This 360 uses the frameworks of history, cultural studies, and archeology to examine the relationship between foodways and migration. Through the interplay of history, literature, and archeological practice, students will learn about the roles foodways (practices of food production, distribution, and consumption) play in migration (both people and objects), as the cluster elevates questions about cultural belonging, social policy, citizenship, and community. They will study comparative urban sites of transnational migration, and look at food policy on a multinational level.
Foodways and Migration Courses:
Archeology 218: Food and Archeology in Greece, Past and Present
This course explores what we know and how we know about food and migration in the Greco-Roman and Byzantine worlds through the study of nineteenth-century to contemporary methodologies. We consider the material and visual culture of ancient and medieval food, foodways, and the intersections of cultures in Greece and the crossroads of the eastern Mediterranean, with a focus on the history and development of archaeological, art historical, anthropological, and scientific approaches. We make use of texts and artifacts—from organic materials to transport, cooking, and serving vessels—held in Bryn Mawr College Special Collections. Taught by Camilla MacKay.
English 255: Food and the Transnational City: New York, New Orleans, and Los Angeles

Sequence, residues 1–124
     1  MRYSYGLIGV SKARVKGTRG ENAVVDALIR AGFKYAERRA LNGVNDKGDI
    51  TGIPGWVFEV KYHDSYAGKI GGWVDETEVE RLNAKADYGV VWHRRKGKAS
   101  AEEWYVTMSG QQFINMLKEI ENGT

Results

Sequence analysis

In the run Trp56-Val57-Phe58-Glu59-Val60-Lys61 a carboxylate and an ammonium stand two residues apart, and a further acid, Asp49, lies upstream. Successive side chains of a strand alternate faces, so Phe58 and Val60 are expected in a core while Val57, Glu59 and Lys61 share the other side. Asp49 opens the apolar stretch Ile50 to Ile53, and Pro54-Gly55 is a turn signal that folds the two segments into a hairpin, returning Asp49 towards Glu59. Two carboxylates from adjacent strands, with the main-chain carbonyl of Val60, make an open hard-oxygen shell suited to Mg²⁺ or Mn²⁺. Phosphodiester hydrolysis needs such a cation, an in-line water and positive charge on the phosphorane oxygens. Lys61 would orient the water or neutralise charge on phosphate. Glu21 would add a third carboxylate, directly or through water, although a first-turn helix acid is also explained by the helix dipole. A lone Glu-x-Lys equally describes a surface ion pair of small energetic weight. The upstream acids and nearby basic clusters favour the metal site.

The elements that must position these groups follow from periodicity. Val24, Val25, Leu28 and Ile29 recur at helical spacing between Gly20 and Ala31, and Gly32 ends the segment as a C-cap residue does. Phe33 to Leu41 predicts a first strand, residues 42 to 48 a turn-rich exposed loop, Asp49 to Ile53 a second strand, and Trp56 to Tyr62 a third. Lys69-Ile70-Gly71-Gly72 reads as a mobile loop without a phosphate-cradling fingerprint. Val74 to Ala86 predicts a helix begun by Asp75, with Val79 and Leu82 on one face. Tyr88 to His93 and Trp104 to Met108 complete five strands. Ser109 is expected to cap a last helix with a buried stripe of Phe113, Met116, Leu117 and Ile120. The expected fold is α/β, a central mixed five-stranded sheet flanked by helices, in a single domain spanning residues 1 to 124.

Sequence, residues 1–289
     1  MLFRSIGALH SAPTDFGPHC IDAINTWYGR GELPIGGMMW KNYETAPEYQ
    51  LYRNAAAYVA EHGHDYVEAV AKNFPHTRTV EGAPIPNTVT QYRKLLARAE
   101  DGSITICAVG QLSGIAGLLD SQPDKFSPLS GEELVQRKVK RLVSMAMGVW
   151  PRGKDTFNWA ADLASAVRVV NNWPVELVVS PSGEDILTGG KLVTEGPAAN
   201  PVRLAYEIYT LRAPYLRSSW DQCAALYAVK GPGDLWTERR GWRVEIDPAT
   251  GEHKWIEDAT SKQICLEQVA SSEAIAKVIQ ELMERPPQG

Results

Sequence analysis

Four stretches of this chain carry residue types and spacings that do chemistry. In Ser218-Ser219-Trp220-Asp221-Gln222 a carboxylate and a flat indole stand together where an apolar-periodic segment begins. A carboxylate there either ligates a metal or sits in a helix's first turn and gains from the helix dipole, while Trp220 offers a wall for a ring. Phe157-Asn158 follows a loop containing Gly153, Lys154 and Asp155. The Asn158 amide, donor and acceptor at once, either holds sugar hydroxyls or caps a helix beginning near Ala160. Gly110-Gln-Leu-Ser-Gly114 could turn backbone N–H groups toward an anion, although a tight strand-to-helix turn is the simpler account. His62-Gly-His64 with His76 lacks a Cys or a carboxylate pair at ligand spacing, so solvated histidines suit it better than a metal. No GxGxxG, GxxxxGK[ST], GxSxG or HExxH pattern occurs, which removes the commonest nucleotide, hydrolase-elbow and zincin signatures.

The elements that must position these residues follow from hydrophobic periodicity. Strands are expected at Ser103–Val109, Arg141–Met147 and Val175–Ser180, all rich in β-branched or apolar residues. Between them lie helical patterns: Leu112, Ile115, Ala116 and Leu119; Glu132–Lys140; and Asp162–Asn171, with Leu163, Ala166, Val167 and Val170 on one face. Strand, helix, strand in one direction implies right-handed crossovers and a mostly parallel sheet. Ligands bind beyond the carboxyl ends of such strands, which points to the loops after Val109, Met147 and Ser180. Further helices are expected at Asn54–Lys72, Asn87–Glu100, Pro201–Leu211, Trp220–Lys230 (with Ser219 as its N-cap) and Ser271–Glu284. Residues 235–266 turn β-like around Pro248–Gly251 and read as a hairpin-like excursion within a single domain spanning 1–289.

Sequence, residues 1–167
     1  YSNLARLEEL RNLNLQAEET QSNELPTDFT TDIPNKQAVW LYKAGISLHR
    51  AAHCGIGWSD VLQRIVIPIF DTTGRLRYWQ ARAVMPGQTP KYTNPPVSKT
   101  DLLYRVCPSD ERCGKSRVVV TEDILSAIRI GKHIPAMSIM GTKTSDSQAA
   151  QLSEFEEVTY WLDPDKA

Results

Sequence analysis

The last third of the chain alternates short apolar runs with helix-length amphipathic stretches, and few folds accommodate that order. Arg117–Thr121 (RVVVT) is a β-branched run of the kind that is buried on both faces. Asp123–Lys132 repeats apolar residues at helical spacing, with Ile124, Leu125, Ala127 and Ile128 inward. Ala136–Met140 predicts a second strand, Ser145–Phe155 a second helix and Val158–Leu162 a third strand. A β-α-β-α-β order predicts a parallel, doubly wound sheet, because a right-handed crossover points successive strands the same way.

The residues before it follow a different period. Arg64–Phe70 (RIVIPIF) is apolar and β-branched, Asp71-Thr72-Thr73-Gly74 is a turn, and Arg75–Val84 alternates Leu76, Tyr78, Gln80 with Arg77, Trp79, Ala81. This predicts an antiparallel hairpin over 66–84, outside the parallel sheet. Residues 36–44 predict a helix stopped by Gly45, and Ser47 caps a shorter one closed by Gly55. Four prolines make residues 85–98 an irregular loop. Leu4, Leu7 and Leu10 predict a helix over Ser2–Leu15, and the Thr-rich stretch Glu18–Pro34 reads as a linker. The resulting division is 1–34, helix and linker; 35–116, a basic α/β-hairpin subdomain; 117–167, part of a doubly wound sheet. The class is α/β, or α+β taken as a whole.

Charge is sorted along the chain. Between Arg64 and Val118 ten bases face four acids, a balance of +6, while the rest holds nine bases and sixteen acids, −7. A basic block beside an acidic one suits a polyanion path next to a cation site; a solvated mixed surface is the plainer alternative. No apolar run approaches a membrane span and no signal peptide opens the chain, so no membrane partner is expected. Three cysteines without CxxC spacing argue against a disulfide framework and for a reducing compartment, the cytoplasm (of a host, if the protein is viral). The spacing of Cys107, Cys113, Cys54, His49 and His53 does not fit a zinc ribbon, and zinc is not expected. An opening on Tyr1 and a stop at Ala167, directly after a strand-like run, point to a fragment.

This course, taught by Stephen Vider, explores how transnational migration and urbanism have shaped and reshaped eating, shopping, and cooking patterns, and how cities and foodways together reshaped and reflected broader patterns of identity and belonging. How have food and foodways been mobilized in constructions of heritage? How have cooking and eating patterns been transformed by migration and immigration? How have consumer spaces operated as sites of kinship, community, assimilation, and resistance?
History 298: Case Studies in the Politics of Food and Migration
In America, with its confounding combination of engorging bounty and tragic poverty, food represents a special nexus of the political and the personal. This course, taught by Sharon Ullman, looks at this history in the American context focusing on the food politics behind mobile populations. Topics include how food shaped the early colonies and the institution of slavery; the ways in which financial policies governing food production during the early 20th century created internal migration imperatives that refashioned entire communities; and how foreign policy from the Cold War to today has helped trigger famine and refugee crises. Students will see the all too often masked connections between politics on the national or international level and the local effects on food and survival for peoples on the move around the globe.